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  • Bob Barker

What's a Corporate Strategic Advisor?

Updated: May 16, 2022

Several years ago, an experienced public CEO asked for help in redirecting his company’s market strategy. In setting up an email signature on the company’s email system, I asked for the correct title. He responded immediately: “Corporate Strategic Advisor.”

An excellent 2007 Harvard Business Review article documents and defines an emerging role of Chief Strategy Officer (CSO), one that has since become important to the success of most large enterprises. A corporate strategic advisor is simply an outsourced CSO. The following summary adapted from the HBR article outlines what a corporate strategic advisor brings to the table.

A CEO is nominally and ultimately responsible for strategy, but operational challenges can make it difficult to devote adequate time to build out their thoughts. Corporate strategic advisors are specifically tasked with creating, communicating, executing, and sustaining a company’s strategic initiatives.

The typical top strategy executive is not a pure strategist, conducting long-range planning in relative isolation. Most are doers first, with the mandate, credentials, and desire to act as well as advise. They are seasoned executives with a strong strategy orientation who have usually worn many operations hats before taking on the role.

Strategy executives are charged with three key jobs that together form the very definition of strategy execution:

1. Clarify the company’s strategy for themselves and for each business unit and function, ensuring that employees understand the details of the strategic plan and how their work connects to corporate goals.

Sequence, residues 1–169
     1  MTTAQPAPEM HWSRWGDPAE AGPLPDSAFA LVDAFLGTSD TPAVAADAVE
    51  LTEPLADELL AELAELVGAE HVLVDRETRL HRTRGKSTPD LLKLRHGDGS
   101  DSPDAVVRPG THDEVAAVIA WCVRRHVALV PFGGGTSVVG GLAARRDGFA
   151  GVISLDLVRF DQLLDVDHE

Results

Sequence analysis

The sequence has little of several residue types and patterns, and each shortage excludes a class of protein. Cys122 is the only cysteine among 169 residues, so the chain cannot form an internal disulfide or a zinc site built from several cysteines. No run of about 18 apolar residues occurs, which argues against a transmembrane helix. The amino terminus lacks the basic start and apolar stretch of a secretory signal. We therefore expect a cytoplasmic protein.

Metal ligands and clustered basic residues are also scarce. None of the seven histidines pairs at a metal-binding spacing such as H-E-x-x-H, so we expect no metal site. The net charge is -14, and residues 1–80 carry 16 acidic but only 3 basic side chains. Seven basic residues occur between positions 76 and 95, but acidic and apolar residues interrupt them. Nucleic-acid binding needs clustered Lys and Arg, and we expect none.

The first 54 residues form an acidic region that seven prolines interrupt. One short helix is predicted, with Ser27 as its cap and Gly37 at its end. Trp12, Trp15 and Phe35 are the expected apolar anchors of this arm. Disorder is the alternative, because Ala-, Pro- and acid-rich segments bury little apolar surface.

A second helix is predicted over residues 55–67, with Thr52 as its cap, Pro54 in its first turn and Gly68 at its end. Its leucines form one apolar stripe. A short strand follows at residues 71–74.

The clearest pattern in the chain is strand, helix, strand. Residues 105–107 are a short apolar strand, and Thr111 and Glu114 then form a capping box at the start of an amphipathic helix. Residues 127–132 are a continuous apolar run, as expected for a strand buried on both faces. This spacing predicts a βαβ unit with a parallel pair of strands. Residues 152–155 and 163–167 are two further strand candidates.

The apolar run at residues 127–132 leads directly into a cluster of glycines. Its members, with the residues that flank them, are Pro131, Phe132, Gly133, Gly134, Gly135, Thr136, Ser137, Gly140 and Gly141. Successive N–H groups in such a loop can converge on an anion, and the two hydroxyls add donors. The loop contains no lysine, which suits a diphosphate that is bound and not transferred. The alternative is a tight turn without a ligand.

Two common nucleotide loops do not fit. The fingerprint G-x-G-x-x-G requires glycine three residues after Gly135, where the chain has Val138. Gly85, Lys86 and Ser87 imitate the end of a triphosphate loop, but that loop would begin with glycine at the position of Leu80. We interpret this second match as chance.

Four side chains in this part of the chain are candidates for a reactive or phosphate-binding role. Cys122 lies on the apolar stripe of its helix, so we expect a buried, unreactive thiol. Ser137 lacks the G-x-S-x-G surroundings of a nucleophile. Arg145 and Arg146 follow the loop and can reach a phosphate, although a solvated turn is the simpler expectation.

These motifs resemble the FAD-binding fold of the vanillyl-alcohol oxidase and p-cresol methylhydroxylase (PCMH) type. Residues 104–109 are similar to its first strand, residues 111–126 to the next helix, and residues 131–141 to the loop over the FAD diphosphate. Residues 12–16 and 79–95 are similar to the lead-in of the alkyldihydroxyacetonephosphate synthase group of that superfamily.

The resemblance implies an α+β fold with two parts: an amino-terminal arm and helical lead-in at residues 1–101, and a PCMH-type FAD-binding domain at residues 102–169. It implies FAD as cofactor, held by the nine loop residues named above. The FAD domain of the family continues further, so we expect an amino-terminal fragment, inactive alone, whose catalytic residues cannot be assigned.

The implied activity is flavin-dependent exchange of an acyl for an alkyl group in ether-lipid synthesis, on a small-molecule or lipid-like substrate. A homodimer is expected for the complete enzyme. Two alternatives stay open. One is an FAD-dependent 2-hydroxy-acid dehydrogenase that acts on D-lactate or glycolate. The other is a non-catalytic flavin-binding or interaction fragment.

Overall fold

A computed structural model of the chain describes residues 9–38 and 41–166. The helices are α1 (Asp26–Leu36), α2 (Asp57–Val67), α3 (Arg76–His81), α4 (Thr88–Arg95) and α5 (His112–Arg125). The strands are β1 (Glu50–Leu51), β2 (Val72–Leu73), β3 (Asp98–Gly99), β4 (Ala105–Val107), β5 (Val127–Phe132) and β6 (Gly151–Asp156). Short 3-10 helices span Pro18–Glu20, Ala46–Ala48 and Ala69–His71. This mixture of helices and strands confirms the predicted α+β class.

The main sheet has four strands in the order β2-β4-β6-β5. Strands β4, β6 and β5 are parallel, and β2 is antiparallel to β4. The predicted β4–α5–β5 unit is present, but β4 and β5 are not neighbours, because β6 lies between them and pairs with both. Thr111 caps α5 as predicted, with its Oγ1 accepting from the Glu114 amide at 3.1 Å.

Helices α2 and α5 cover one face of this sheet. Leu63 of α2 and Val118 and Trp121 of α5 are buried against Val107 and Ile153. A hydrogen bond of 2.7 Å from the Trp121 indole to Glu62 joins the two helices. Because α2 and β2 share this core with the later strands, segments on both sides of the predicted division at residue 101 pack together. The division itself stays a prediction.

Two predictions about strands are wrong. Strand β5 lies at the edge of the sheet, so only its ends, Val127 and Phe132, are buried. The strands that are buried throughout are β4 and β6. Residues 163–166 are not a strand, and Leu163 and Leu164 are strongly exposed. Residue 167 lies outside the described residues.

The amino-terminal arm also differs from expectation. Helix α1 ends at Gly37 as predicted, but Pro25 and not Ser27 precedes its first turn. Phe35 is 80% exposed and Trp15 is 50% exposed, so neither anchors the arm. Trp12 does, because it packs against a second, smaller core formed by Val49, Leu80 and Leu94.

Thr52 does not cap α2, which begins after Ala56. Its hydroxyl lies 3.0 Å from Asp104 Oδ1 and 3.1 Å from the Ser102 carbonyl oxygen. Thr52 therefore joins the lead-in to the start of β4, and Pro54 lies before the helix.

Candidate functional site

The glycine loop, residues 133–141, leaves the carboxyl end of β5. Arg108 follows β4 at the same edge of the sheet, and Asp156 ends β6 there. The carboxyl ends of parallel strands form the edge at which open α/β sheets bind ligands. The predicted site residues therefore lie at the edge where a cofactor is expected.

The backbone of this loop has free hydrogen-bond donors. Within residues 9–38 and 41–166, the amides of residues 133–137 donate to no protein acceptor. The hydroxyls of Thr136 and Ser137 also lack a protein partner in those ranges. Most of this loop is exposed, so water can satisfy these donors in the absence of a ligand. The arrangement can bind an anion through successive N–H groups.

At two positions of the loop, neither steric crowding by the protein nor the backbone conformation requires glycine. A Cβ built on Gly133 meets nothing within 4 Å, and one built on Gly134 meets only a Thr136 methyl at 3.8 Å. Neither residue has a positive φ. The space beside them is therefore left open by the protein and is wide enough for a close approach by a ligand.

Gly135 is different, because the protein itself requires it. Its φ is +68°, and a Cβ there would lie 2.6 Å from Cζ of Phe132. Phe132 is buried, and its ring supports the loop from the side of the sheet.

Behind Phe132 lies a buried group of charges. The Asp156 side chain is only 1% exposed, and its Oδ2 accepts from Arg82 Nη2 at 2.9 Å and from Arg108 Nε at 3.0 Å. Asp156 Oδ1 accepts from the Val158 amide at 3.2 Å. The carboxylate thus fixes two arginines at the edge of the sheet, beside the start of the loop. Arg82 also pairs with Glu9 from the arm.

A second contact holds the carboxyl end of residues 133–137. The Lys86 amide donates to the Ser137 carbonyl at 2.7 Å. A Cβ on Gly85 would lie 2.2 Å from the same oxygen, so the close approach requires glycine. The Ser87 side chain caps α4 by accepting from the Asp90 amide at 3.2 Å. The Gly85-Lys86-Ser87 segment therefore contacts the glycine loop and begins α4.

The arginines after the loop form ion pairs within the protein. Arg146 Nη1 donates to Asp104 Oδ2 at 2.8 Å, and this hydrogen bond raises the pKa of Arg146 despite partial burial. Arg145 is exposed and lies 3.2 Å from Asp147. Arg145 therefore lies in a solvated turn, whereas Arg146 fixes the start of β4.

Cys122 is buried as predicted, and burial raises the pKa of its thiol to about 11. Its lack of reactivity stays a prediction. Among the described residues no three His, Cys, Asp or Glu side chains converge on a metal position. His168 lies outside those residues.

2. Drive immediate change. The focus of the job almost always quickly evolves from creating shared alignment around a vision to riding herd on the ensuing change effort.

3. Drive decision-making that sustains organizational change.

Corporate strategic advisors have many years of executive experience in a variety of business responsibilities and management roles that involved working at the highest executive levels inside organizations. They’ve experienced consistent success in developing business plans and procedures with a positive outcome. And they are innovators who have handled critical challenges: outsourcing opportunities, strategic partnering, acquisitions, market positioning, public communications, and competitive analysis.

Companies facing a major new challenge or threat without an in-house CSO can engage a “corporate strategic advisor” for a time to deliver insights needed to address change, design processes to effect that change, and sometimes oversee implementation.

What type of person excels as a chief strategy officer or corporate strategic advisor? Both require a very clear strategic thinker who possesses strong ideation skills*.

Strategic: Talented at creating alternative ways to proceed. Faced with any given scenario, they can quickly spot the relevant patterns and issues. Their innovative thinking tends to foster ongoing dialogue between and among the group’s participants. Instinctively, they work diligently to invent alternative courses of action as they notice new as well as unusual configurations in facts, evidence, or data.

Ideation: Individuals good at creating new ideas quickly find connections between seemingly disparate phenomena. By nature, they usually find novel and fresh ways to do things when needed. People who find themselves struggling to generate ideas turn to them.

Engaging a corporate strategic advisor is appropriate when:

1. A substantial threat or opportunity has arisen.

2. Inaction will significantly impact revenue, EBITDA, operations, reputation.

3. The CEO or other responsible executive is inundated with current responsibilities.

4. The organization has no in-house chief strategy officer.

A corporate strategic advisor can be assigned a challenging issue or project and expected to handle it independently, while keeping the hiring executive informed of progress (approach, goals, plan, and execution) and enabling the executive to influence the ultimate outcome.

Bob Barker is a corporate strategic advisor and the founder of Partnering Source. He has written extensively for business publications, including Westlaw Journal, Directorship (National Association of Corporate Directors), and TexasCEO Magazine, and he has been quoted in The Wall Street Journal and Forbes.

* Adapted from “Strengths Insight and Action-Planning Guide”, Strategic and Ideation Themes, created by CliftonStrengths. For more on CliftonStrengths, follow Brandy Schade, a leading expert who’s worked in-depth with the assessment for 20 years through her Strengthology Insights site.

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